You don’t have time. This is the most popular reason (excuse) for not working out. Just thinking about the time and effort involved wears you out. HIIT (High Intensity Interval Training) is the best workout when you are constantly feeling pressed for time.
Scenario 1 – Workout at the gym
- Get dressed. (You must wear something presentable as you will have an audience.)
- Figure out what to do with the kids.
- Drive to the gym.
- Hope there is a machine free.
- Do your 45-60 minute workout. (Includes warm-up and cool down.)
- Drive home.
- Oh… I almost forgot! You must also put on your makeup if you are my friend Sheila. (Sorry Sheila)
Scenario 2 – Workout at home
- Get dressed. (Yes, you should still do this. But it is perfectly ok to look like crap if you want.)
- Get any equipment needed out.
- Find workout DVD. (Because it’s never where it should be.)
- Workout 45-60 minutes. (Includes warm-up and cool down.)
- No driving.
Well that sounds a little better!
Scenario 3 – HIIT workout at home
- Get dressed… still necessary… I guess
- Get water, towel and timer
- HIIT Training 20 minutes. (includes warm-up and cool down.)
Wow! Workout done!
What Is HIIT?
Here is a great short video that explains HIIT basics.
Doing A HIIT Workout
- Warmup – 1-2 minutes of jumping jacks, running in place, etc…
- 20-30 seconds of selected exercise at 100% effort.
- Rest for 60-90 seconds. (Allow your body enough time of rest to catch your breath and be able to do another 20-30 seconds of exercise at 100% effort.)
- Repeat steps 2 and 3. (4-7 times depending on your fitness level.)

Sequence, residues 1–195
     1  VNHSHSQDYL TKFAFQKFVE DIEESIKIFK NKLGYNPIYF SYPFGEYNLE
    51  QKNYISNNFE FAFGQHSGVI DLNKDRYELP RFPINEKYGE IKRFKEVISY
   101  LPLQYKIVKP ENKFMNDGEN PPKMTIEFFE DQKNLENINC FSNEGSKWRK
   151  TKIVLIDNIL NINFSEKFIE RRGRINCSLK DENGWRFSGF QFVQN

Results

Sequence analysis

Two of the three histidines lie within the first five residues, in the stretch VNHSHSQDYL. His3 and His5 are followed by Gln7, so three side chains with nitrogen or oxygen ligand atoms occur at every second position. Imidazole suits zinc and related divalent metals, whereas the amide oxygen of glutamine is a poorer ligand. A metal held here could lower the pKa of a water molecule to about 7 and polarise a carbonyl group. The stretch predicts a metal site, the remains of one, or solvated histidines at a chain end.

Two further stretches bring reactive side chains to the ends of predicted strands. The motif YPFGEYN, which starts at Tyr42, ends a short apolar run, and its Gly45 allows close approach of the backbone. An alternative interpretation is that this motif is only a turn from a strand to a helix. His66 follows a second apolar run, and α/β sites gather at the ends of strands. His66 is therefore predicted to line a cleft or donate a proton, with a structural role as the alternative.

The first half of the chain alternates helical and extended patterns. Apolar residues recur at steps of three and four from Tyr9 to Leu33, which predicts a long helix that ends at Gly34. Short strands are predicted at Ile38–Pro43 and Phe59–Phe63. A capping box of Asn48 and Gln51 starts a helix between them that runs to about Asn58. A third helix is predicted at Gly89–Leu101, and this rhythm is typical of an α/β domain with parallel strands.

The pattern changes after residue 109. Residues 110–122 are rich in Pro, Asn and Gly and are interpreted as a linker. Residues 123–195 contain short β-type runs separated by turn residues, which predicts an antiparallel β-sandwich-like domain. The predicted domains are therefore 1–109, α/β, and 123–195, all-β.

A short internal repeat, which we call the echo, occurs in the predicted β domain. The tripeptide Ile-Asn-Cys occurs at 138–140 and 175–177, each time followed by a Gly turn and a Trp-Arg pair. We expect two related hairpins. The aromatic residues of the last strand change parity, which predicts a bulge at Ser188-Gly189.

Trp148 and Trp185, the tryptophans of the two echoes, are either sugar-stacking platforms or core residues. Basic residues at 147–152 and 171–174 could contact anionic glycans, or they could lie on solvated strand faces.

- Cool down with walking in place and stretching until your heart rate returns to normal.
Exercises You Can Use For Your HIIT Workout AT Home
Basically, any exercise that raises your heartrate can be used for your workout. Here is a short list of some exercises I recommend.
|Butt Kicks||Mountain Climbers|
|Fast Squats||High Knees|
|Jumping Jacks||Fast Feet|
How Often Should HIIT Workouts Be Done?
HIIT workouts should only be done a maximum of 3-4 times per week. The reason behind this is that HIIT workouts are quite strenuous on the body. It is necessary to give your body ample time for recovery in between these workouts.
It is perfectly okay and highly recommended to alternate days of HIIT with other types of workouts. Strength training, ab work, yoga, and stretching, are all perfect to do on alternating days.
Doing HIIT Right
More Benefits of HIIT
This first video in this article goes over quite a few benefits of HIIT training. Here are a few more that I found interesting:
- More Enjoyable – Studies show that High Intensity Interval Training is more enjoyable than Continuous Moderate Intensity Training.
- Requires Less Time for Similar Results – Studies show that a 25 minute High Intensity Interval workout is more time efficient and perceived to be easier than a 40 minute Moderate Intensity Continuous workout for improving cardiorespiratory fitness and fasting blood glucose levels.
- Reduces Insulin Resistance/ Lowers Blood Glucose Levels – Studies show that HIIT appears effective at improving metabolic health, especially with those at risk of or with type 2 diabetes. Another study shows HIIT lowers blood glucose levels in adults with type 2 diabetes.
- Increased BDNF – The highest BDNF levels are reported after high intensity exercise protocols. This study shows that HIIT is more effective than continuous high intensity exercise for elevating serum BDNF.
BDNF – (Brain Derived Neurotropic Factor) Is a protein found in the brain and spinal column. The function of BDNF is to grow and fix neurons. It is vital to learning, memory, and higher thinking. Some reasons for levels of BDNF decreasing in the body are due to such things as aging, eating high levels of saturated fat and refined sugar.
- Reduces Blood Pressure – This study shows that short term HIIT (<12 weeks) significantly improved diastolic blood pressure and long term HIIT (>12 weeks) significantly improved waist circumference, % body fat, VO2 max, resting heart rate, and systolic blood pressure.